Ugly fight all together and made me think, if easy child does have a point. Am I too harsh with him, because of difficult child? Or is he just being typical teen and not liking to be called on his bad attitude and trying to shift my attention? What are your experiences on parenting PCs along with difficult children?
  2. Calamity Jane

    Calamity Jane Well-Known Member

    Hi SuZir,
    If easy child was always easy child-ish and not borderline difficult child-ish, then it's probably typical teen. The landscaping job IS a godsend, and working IS the right thing to encourage any able bodied person to do, but for him, it does suck. He'd rather be hanging out with friends, the job is physically hard, and let's face it, he'd rather be enjoying his summer. You are trying to teach him responsibility and self sufficiency, and he is complaining.

    The thing is...if he's showing up for work, working diligently, but blowing off steam to his friend who doesn't work...then I think you probably did overreact in this case. If, however, he's not waking up for work, sluggish and typical teen-ish while he's there, has a bad attitude twd boss/coworkers, etc., then it's another story. If not, just let him blow off steam.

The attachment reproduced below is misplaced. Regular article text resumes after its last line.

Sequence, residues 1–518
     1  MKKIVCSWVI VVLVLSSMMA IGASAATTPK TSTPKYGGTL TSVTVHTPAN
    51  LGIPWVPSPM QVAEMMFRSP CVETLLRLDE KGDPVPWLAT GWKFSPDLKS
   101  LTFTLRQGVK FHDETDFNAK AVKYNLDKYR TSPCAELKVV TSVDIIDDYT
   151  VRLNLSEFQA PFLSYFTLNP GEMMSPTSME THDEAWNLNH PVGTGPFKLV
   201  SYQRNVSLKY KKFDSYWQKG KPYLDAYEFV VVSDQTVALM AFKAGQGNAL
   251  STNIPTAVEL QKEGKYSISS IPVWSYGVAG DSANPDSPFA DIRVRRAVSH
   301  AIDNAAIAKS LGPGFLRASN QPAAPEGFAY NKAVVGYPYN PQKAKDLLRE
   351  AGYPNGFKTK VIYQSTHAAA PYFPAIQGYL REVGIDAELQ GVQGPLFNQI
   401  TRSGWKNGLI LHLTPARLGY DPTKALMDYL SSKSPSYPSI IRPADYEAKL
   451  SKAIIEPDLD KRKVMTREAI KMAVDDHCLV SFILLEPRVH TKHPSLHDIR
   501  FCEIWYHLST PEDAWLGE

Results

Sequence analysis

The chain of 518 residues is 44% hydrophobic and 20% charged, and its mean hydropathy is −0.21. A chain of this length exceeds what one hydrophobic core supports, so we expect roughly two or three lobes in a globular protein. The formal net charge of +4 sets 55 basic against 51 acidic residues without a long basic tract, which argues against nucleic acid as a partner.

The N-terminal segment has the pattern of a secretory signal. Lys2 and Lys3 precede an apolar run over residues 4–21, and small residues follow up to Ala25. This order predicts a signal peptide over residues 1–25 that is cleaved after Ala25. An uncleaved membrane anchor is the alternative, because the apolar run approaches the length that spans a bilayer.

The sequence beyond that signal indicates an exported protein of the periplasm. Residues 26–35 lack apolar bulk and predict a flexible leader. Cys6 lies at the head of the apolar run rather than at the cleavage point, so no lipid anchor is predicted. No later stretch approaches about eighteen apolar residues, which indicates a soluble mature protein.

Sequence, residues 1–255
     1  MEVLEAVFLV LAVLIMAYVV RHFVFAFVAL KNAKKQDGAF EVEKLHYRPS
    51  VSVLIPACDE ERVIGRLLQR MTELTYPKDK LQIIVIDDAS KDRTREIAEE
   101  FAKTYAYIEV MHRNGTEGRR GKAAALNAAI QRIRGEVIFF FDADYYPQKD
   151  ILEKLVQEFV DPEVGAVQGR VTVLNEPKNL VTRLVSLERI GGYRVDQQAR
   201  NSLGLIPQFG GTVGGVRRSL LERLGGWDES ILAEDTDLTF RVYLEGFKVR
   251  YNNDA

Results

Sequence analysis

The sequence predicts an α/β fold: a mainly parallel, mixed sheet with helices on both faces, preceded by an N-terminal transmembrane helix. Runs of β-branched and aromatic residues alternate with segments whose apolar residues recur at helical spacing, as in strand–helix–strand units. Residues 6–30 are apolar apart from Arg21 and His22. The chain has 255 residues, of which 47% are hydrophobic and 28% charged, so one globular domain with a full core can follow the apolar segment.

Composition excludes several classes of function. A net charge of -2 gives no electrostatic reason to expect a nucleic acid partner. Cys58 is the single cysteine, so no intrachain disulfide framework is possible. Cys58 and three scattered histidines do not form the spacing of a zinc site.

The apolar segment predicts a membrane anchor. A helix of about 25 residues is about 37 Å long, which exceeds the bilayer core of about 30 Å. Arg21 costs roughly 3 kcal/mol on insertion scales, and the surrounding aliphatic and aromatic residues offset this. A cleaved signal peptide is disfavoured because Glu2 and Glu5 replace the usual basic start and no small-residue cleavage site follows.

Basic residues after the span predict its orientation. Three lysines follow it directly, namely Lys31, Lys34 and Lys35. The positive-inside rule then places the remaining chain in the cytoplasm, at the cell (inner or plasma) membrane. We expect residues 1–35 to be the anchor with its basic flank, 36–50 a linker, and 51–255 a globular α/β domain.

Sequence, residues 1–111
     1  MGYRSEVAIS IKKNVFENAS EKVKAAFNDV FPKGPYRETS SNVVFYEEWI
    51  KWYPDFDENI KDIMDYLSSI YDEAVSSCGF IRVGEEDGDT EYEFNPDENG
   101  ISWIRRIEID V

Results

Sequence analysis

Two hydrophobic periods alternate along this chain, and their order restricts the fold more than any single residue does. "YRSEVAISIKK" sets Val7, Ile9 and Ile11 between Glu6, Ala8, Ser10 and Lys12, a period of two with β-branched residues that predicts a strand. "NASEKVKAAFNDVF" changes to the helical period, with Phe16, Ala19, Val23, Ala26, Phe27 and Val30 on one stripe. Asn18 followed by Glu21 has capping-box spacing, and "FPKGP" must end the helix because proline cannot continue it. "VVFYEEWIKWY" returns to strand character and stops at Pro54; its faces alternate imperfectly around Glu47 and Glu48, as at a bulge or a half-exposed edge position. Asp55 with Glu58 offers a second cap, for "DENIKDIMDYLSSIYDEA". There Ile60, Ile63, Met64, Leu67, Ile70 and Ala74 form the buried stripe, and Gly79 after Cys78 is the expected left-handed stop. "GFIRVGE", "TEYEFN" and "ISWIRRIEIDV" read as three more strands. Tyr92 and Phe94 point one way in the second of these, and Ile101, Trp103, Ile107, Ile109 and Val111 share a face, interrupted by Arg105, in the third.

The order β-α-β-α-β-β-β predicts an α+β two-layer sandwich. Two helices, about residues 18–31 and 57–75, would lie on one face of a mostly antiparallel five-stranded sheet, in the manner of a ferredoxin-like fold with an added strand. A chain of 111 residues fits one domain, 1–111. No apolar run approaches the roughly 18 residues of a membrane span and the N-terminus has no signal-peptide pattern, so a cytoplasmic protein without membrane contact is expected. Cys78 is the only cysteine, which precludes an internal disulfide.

He probably does resent your reaction, and probably feels like you were intruding on a private conversation. It's hard to be a easy child when you go through your teens, and it's so hard when you have an older difficult child who has a reputation, etc. I would just calmly talk to him about responsibility, etc., and maybe admit you came down too hard. Explain that in this economy, jobs for people his age are like finding a needle in a haystack, and that he should be proud that he has an oppty to earn his own spending money, and that you understand it's a sacrifice giving up time in the summer, but everything worthwhile comes at a price.